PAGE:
In 1995, the very day I completed my masters in Community Agency Counseling, I returned home feeling like a “master clinician” only to immediately receive an imminently suicidal caller. My first thought was how I could possibly go through a 60-hour CACREP accredited program without a shred of preparedness! My balloon of confidence popped, and I spent the next 10 hours in a more important final exam.
|David W. Covington, L.P.C., M.B.A.|
Vice-President, Adult & Youth Services
Maricopa County Regional Behavioral Health Authority
Magellan Health Services
National Action Alliance Executive Committee Member
Fourteen years later, as Chief of Adult Services for Magellan of Arizona, our CEO Richard Clarke charged me with leading an initiative to end suicide for those enrolled in our care. We found thousands in our network’s workforce feeling similarly unprepared, as I had been years earlier. I have found the metaphor of the Golden Gate Bridge and the story of Kevin Hines extremely powerful in understanding our challenge and our opportunity.
Eighteen-year-old Kevin Hines was receiving usual and customary behavioral healthcare but was despondent over the challenges of his bipolar disorder. In September of 2000, he kissed his father goodbye and caught a municipal bus to the bridge where he hurled himself over the rail, a tragic scene that has been played out some 1,500 times over the last 80 years.
The railing is embarrassingly low at four feet. The rationale has been that people like Kevin would simply go somewhere else or do something different if the rail were higher. “You cannot stop someone from killing themselves if they really want to do it,” or so the saying goes.
In Phoenix, we have used the bridge to tell the story of the opportunity Community Behavioral Health has to challenge suicide directly and raise our own rail to stop these deaths.
Forbes magazine last October in “The Forgotten Patients” chastised the mental health industry for ignoring the 35,000 people who die by suicide each year. The Suicide Prevention Resource Center’s published report on progress since the 2001 National Strategy found little focus on improved training.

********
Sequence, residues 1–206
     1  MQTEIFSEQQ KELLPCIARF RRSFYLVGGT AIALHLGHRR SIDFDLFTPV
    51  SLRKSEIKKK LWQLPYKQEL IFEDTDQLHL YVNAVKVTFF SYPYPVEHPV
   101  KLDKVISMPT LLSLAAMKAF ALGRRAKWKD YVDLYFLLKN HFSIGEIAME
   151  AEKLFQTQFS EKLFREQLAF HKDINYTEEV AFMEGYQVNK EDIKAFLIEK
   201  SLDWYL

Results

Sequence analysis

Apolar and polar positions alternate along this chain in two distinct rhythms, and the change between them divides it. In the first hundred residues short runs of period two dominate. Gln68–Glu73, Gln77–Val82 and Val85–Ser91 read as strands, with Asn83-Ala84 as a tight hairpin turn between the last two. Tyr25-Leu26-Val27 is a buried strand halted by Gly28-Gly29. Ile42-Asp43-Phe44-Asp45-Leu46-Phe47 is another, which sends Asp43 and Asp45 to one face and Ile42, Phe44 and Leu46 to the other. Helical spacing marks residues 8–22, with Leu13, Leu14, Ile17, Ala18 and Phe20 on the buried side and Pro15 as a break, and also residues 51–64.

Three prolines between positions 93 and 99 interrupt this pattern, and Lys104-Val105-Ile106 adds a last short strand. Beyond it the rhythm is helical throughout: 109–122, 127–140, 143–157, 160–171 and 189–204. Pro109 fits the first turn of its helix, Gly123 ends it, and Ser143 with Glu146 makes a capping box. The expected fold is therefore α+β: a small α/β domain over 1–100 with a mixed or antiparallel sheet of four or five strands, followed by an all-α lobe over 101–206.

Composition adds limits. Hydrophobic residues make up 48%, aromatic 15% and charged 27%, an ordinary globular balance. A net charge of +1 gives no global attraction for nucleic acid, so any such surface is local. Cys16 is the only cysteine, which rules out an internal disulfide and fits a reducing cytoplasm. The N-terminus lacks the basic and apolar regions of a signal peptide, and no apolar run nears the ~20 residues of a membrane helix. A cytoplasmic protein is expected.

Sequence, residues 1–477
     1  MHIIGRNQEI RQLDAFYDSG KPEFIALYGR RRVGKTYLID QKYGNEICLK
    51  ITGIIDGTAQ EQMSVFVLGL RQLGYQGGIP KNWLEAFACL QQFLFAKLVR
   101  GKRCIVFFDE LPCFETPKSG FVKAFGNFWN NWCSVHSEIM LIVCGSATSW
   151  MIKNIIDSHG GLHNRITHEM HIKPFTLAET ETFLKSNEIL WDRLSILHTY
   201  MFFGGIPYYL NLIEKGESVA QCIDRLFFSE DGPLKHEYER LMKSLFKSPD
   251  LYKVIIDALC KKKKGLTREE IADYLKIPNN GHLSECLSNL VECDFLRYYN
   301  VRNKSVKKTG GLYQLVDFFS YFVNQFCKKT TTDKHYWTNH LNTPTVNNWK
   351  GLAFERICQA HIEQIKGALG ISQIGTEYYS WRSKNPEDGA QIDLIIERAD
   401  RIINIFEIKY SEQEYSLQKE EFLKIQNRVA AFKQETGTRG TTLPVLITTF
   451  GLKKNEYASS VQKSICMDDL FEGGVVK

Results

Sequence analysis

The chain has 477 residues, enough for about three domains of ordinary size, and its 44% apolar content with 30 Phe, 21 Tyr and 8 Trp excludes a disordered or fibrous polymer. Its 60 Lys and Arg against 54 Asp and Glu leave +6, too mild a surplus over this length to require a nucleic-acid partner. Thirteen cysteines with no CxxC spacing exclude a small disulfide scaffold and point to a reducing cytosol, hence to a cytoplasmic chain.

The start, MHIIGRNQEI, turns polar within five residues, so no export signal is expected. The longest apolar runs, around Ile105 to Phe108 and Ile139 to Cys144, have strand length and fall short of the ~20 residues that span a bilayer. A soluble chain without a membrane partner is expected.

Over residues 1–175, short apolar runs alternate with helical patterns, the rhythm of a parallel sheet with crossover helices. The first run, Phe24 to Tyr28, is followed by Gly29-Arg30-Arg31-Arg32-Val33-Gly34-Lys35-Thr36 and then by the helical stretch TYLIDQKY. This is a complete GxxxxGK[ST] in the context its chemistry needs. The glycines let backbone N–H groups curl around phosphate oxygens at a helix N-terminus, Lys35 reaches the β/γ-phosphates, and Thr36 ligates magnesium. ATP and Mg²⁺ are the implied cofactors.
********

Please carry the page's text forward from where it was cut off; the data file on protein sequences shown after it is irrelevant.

The core belief currently strongly ingrained among many healthcare professionals is that there are two distinct kinds of people who have very little to no overlap in terms of their experience – “Group A” are those who kill themselves, and “Group B” are those who talk about it. This is what we were taught.
Kevin did not just talk. He took an action that is lethal 98% of the time. He recounts vividly the last five seconds prior to jumping. One second he was so distraught he would do anything to end his pain, and the very next, there was no more grip on the bridge’s firm steel. Instantly, he realized he had made the worst mistake of his life and would do anything to undo what he had just done.
In 1975, Dr. David Rosen interviewed 7 of 10 known survivors with similar stories. Three years later, Dr. Richard Seiden interviewed 515 people who were taken off the bridge by law enforcement. The average length of time since their experience was 25 years. Yet, only 6% had gone on to kill themselves somewhere else and later on.
The same year that Kevin took the bus to the bridge, Don Berwick challenged the Henry Ford Health System (HFHS) in Detroit to improve its depression care. HFHS adopted what has become known as the “Perfect Depression Care” initiative. They raised their rail, and in 2010, they reported their tenth quarter without a suicide death.
In 2009, our Phoenix behavioral health collaborative determined to end the practice of suicide care as a specialty referral. We raised our rail and trained 2,000 in the core of the workforce in a two-day suicide prevention training. It has changed our culture and provided a level of skill, confidence, training, and support to effectively engage those at risk.
Kevin and others like him have taught me that suicide is always preventable and future deaths are avoidable. We have two powerful allies in suicide intervention, namely the mind and body of each person who struggles with intense emotional pain. They do not cooperate and continuously find ways to fight back.
Recently, 25-year-old Lashanda Armstrong drove a minivan off a dock and into the Hudson River. The only survivor was her 10-year-old son, who climbed out the window and swam to safety. Initially, his mom told him if she was going to die, he was going to die with her. But, as she plunged into the water, she desperately tried to put the car in reverse and repeated, “I made a mistake.”
We do not have to feel helpless or hopeless. We can make a difference. Mike Hogan is the Commissioner of Mental Health for New York State and my co-lead for the National Action Alliance Task Force on Clinical Care and Intervention. I believe we can do that best by dedicating ourselves to frank and open discussion of a higher rail and real solutions.
Question: Months after Kevin’s story was released in Eric Steel’s documentary, the bridge authority voted 15 to 1 to install a physical deterrent underneath the full span. What is the equivalent of the programmatic safety net we need in healthcare to render suicide a “never event?”